January 19, 2009

Watchmen by Alan Moore and David Gibbons

Watchmen takes place in the 1980s in an alternative United States. The main difference between this reality and ours is the existence of superheroes, whose presence influenced historical events like the war in Vietnam, and are now influencing the Cold War. The world is on the verge of nuclear conflict, but the presence of the all-powerful Doctor Manhattan gives America an advantage over the Soviet Union. This advantage disappears, however, when something forces him to go into exile.

The main characters of Watchmen are The Comedian, Doctor Manhattan, Nite Owl, Ozymandias, Rorschard and the Silk Spectre. The book opens with The Comedian being murdered. Rorschard, the only non-government sponsored superhero still active after public discontent caused them to be outlawed, suspects that someone is out to get them all. Subsequent events suggest not only that he might be right, but also that there might be more to the whole thing than one could have imagined.

There’s so much I want to say about this book. Let me begin with the characters: all of these heroes are extremely ambiguous characters. As the story advances, we get more background information about all of them, information that allows us to form a detailed psychological portrait. And yet never for a moment do we feel that we have them all figured out. The characterization is too rich and complex to allow that.

Another interesting thing is that these characters have very different ways of looking at the world, and so we get to experience the reality they live in from several different points of view. I think this reinforces what is for me one of the main themes of the book: that reality is often ambiguous, that in real life things are never easy to categorize.

These characters are fascinating, but they’re not exactly likeable. But they also aren’t easy to dismiss as villains under the guise of heroes. They are complex, they each have their motivations, they are human. They are human beings with a lot of power and responsibility – perhaps more power than one person should ever have.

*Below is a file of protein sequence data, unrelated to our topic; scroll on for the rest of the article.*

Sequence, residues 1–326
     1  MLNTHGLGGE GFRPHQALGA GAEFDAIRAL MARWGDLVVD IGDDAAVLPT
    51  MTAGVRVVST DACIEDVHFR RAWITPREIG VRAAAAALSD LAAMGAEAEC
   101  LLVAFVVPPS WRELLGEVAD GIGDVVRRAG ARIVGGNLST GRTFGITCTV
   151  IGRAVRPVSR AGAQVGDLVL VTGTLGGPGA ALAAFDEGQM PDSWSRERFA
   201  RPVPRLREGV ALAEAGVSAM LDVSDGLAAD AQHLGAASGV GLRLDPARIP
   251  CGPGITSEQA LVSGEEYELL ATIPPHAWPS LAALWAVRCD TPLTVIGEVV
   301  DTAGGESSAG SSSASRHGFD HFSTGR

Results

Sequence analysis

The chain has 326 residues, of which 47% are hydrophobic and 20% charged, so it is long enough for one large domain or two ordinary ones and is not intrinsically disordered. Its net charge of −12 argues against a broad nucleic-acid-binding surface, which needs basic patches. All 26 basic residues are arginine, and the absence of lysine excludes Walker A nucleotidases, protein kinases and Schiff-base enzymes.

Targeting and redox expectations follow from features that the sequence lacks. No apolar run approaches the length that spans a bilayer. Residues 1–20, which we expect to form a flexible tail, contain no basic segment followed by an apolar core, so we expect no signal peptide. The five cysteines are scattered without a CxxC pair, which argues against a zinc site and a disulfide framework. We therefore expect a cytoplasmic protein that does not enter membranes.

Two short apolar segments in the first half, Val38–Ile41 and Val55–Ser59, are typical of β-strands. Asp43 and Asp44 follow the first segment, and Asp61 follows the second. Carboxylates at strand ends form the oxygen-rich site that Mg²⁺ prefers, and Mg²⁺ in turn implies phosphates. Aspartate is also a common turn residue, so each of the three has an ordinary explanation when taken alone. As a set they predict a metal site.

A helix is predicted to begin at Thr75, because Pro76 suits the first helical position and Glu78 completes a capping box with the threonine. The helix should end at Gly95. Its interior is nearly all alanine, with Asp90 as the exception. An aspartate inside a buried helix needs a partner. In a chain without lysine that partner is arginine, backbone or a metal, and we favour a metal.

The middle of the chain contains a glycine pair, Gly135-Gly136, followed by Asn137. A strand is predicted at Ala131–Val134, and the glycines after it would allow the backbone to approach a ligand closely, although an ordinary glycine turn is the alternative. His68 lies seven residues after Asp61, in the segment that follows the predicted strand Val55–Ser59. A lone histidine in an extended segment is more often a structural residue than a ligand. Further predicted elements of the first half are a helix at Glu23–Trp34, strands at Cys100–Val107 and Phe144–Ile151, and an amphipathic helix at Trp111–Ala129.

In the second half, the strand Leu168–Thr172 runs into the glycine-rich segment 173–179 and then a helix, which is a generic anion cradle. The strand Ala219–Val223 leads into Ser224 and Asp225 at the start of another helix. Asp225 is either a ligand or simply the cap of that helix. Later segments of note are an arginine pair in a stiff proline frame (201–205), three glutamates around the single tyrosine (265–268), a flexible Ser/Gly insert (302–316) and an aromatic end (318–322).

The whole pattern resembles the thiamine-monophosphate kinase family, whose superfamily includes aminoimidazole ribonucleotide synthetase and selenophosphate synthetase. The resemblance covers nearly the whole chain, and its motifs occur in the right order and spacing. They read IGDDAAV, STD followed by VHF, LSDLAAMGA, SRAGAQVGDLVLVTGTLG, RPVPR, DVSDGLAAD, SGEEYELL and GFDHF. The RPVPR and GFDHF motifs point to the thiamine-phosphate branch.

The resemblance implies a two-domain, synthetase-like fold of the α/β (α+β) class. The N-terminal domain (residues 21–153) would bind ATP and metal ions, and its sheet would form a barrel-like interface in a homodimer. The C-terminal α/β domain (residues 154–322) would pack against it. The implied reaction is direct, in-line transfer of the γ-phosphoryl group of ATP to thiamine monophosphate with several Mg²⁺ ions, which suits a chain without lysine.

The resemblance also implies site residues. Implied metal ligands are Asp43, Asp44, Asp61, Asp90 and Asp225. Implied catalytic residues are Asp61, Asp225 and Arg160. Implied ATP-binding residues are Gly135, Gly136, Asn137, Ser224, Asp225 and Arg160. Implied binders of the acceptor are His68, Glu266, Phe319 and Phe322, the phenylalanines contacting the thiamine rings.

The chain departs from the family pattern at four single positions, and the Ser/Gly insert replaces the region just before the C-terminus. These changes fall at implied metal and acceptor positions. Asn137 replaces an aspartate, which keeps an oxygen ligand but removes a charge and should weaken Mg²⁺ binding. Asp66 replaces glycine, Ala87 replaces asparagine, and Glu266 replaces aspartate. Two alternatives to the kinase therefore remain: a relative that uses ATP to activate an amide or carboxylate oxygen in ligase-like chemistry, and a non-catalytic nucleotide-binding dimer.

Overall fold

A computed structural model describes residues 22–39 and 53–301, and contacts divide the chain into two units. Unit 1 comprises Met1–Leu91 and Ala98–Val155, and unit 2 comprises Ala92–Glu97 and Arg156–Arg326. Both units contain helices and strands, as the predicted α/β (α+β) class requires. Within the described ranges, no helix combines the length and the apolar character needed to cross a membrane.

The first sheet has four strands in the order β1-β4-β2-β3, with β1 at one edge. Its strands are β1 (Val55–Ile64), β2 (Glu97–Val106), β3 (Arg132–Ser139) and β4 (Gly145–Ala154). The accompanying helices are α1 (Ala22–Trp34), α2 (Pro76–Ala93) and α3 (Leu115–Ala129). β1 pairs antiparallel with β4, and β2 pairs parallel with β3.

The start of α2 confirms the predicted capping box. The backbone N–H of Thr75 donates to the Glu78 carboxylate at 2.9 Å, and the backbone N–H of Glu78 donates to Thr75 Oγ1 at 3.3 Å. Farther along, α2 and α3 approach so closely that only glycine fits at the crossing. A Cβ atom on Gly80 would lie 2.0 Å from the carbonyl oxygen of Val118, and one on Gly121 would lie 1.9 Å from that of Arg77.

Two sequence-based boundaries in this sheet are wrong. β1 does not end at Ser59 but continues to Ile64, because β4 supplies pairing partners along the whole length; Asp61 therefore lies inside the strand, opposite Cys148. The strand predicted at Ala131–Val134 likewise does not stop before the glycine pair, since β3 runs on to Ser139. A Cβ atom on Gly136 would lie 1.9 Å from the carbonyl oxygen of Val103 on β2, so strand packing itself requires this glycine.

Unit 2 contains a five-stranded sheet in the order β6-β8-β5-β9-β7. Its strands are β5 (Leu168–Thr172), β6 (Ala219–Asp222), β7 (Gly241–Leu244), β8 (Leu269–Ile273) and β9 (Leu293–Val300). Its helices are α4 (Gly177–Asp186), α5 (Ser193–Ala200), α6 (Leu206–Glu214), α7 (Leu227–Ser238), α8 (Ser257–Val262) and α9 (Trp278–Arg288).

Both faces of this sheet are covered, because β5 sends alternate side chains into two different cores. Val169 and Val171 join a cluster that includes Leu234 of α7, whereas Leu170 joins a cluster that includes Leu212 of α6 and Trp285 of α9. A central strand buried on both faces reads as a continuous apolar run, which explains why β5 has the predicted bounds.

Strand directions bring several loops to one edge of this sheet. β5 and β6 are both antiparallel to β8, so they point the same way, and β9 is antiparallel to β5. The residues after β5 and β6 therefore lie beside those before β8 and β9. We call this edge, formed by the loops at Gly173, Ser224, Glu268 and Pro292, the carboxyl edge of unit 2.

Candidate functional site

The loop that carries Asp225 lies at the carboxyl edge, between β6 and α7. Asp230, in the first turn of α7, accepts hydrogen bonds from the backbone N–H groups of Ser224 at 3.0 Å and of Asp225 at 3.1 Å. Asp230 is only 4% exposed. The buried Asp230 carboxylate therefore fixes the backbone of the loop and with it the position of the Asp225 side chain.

Power is another important theme, as are justice, revenge, fear, war, and the concept of “necessary evil”. Watchmen poses a lot of questions for which there are no easy answers. Therefore, it doesn’t attempt to answer them easily. Perhaps it could be said that the characters each have their own answers, but the book as a whole doesn’t advocate any one stance. And that’s s big part of what makes it so interesting. Apologies if I sound horribly vague here. It’s just that I want to go on and on about this book, but I don’t want to give away the whole plot.

As it’s often pointed out, another thing Watchmen is about is the superhero genre itself. In a world where superheroes are real, comics about them aren’t all that popular. Instead, pirate stories are big. The main plot is alternated with a story called “Tales of the Black Freighter”, from a comic one of the characters is reading. It’s interesting to realize, as you read on, how this story parallels the main plot.

I was particularly interested in the way the story questions the concept of a “hero” – it addresses not only its necessity or its flaws, but also everything that makes it interesting and appealing and be such a big part of our imaginations. In this way, it had some parallels with Perry Moore’s Hero, and like I said the other day reading them side by side was really interesting. Actually, the stories have some similarities too. I don’t mean this negatively, but having finished Hero first made me guess something about Watchmen that might have surprised me otherwise.

This is definitely a book I want to read again. I bet I’ll discover new things in it every time I pick it up. One last thing: I so love the quotations at the end of the each chapter, and the fact that the chapters were named after the quotations. The sources range from Bob Dylan and John Cale to Nietzsche or William Blake to The Bible.

Originally posted here.


jessi said...

Great review, Nymeth! I loved this graphic novel, and I definitely want to read it again before the movie comes out...if the movie ever does come out. :) I like how ambiguous the "heroes" are, especially Rorcharch.

Beth F said...

Great review! I would have dismissed this one because I'm a fan of the cold war genre. But you've let me know there's a lot more to this novel.

Nymeth said...

Jessi, thanks! I'm a little bit skeptical about the movie, but I hope to be proven wrong.

Beth: There's definitely a lot to it. I hope you enjoy it :)